Our car went up in flames // When Rebbetzin Dr. Hana Hendler moved to Ramle, she was ready to sacrifice to help spread Yiddishkeit. But she was unprepared for the violence that rocked her city this past month.

By: Shira Leibowitz Schmidt

On Wednesday, May 12, I heard glass breaking outside. It was Rosh Chodesh Sivan. Rockets were being fired from Gaza and there had been violence in the Old City of Jerusalem. The vandalism and tire burnings were spreading to other cities that had mixed Arab and Jewish populations, such as Lod, Acco, Haifa and Jaffa, but we didn’t think it was serious. My husband came home from the yeshivah after going out to make sure it was safe.
Then, at two in the morning, I looked out the window and saw that vandals had smashed the back window of our car, which was parked right next to the house. A second later, I watched the car burst into flames! Then I heard an explosion as the gas tank blew up. We tried to put the flames out with a garden hose. We later learned that there were over 100 arson attacks all over Ramle that night, and they’d had to bring in additional fire brigades from nearby cities.”
This is how Rebbetzin Dr. Hana Hendler described the worst night of the disturbances in Ramle, a city in Israel’s Central District, only ten minutes away from Ben Gurion International Airport. When I spoke to her, shortly after this incident, she had already resumed teaching her classes in Bar-Ilan University, which this year are being conducted via Zoom. Hana Hendler is the mother of ten children, ka”h, ages 16 to 37, and the grandmother of over two dozen (and counting).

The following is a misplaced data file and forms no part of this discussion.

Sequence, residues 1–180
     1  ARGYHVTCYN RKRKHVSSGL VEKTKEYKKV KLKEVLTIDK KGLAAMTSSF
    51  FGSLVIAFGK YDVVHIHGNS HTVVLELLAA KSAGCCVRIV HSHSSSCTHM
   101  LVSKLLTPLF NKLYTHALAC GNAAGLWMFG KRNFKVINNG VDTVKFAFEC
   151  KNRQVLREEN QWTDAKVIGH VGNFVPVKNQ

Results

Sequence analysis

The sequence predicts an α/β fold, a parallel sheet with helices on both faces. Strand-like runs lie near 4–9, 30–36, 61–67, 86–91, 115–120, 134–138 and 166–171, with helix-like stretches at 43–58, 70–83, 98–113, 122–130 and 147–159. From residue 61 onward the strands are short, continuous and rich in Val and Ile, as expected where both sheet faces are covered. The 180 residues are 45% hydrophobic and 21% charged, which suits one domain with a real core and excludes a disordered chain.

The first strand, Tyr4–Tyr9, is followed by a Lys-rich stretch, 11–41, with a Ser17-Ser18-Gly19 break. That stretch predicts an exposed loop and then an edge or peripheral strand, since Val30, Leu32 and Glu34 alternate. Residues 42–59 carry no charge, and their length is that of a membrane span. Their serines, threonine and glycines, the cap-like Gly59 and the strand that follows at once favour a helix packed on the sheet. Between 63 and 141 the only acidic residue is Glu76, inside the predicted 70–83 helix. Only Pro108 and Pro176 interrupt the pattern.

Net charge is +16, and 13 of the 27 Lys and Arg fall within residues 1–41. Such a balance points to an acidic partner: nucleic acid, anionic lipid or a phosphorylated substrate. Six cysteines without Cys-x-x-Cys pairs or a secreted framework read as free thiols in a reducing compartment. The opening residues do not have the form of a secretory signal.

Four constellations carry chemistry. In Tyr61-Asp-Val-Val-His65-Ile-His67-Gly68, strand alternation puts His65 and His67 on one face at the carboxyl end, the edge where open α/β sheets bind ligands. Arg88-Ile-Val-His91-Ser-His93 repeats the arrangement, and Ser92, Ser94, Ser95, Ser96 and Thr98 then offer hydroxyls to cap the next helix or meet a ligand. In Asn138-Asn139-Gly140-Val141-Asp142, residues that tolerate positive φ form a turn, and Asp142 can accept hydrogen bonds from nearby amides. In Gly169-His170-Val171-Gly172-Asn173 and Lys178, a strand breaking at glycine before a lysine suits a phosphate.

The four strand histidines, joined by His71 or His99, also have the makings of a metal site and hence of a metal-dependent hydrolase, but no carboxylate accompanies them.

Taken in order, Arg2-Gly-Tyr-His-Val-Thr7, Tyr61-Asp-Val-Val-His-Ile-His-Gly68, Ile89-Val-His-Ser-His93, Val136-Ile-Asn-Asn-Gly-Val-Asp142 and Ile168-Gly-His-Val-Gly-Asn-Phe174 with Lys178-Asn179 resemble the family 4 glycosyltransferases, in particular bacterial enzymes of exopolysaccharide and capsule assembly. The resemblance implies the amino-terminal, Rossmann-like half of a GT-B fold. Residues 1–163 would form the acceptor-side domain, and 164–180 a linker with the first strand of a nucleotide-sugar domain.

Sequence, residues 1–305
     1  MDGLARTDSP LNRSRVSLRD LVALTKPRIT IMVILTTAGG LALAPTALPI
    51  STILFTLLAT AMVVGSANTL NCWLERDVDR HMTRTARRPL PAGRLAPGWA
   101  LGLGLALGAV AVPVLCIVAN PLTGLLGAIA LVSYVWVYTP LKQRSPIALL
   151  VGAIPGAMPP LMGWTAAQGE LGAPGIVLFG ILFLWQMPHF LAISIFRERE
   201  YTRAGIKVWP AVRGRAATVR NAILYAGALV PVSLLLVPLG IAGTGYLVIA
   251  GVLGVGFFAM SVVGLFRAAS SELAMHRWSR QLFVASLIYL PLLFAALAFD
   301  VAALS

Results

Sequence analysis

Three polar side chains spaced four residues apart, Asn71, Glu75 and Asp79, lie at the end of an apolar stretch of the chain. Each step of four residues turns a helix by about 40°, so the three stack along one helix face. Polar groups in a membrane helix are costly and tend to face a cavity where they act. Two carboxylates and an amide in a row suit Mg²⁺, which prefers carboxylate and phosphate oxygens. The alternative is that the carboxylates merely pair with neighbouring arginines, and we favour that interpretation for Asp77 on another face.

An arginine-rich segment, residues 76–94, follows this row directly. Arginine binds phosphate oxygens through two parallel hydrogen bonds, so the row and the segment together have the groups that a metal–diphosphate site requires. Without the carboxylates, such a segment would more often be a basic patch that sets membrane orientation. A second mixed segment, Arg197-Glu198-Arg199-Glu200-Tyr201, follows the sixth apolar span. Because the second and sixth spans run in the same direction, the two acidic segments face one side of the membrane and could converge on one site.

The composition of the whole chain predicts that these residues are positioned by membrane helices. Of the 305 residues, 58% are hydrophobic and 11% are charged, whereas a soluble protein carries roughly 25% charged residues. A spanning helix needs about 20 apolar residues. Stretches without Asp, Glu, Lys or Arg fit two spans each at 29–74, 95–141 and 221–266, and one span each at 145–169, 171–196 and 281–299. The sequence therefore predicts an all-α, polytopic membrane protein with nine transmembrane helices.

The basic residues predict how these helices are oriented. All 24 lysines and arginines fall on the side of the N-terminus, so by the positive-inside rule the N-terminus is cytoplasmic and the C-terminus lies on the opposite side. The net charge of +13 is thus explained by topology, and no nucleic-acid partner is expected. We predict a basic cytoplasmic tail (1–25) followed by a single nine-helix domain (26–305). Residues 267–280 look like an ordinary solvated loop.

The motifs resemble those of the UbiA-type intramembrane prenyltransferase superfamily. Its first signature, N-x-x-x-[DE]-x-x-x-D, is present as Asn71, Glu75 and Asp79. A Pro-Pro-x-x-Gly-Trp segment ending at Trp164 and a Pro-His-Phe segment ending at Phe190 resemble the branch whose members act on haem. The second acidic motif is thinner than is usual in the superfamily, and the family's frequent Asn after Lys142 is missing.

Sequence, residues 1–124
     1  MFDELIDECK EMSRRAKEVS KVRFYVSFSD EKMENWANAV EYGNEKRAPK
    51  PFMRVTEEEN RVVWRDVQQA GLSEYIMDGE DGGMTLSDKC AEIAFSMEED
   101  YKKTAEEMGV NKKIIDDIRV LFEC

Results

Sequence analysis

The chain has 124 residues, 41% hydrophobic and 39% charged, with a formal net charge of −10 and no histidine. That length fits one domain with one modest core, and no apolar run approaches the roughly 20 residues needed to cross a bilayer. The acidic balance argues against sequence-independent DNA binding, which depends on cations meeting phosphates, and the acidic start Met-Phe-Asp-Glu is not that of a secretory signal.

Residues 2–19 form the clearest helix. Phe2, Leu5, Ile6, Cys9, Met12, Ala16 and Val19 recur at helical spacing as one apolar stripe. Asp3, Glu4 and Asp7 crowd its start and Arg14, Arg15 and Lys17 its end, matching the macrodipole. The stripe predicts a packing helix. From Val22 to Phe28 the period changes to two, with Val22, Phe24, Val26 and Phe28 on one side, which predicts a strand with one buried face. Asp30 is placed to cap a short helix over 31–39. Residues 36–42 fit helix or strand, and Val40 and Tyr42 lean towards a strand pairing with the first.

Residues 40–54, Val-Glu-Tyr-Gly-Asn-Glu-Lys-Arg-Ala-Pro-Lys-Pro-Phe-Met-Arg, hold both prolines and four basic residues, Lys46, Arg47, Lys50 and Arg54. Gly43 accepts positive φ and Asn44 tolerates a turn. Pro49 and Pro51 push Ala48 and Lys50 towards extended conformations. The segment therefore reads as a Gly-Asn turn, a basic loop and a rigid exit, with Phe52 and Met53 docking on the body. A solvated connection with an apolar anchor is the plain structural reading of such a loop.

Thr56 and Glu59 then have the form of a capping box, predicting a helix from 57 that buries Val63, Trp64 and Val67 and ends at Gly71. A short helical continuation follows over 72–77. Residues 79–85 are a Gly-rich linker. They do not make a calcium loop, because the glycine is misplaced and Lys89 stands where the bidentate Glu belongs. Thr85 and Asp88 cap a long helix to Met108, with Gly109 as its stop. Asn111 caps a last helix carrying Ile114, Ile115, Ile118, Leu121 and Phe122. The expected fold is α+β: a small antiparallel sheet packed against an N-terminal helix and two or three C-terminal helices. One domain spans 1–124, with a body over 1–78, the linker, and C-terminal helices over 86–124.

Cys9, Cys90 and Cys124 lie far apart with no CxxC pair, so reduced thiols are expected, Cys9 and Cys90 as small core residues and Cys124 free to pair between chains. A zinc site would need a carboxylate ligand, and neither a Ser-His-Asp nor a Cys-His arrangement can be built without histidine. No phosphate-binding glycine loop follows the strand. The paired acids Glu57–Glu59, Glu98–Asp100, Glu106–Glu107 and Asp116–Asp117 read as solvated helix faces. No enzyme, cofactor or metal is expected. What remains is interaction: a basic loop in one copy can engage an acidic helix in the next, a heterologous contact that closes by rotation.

Her doctorate and expertise are in analyzing chasidic stories in depth, in the context of Tanach and sacred literature.
This year, the last week of Iyar coincided with the last week of the Muslim month of Ramadan, so the atmosphere in Ramle was already tense because of the post-fast celebratory meals, which are usually accompanied by dangerous and illegal fireworks. The tension was also high in Jerusalem in advance of Jerusalem Day.
A minority of Arabs, mostly youths, spearheaded attacks on Jews and Jewish property.
The yeshivah building in Ramle was pelted with stones and then Molotov cocktails. A Molotov cocktail was thrown onto the porch of one of the yeshivah’s staff members, and when he deflected it, his hands were burned. As of this writing, he is still wearing bandages.
Things turned more vicious when live fire from illegal weapons was added to the mix. At first, the police didn’t realize the magnitude of the violence. It took some time until a huge number of reinforcements was brought into town. Quiet was restored, but not before a few stores were ransacked. The Chabad Judaica shop in downtown Ramle was broken into twice.


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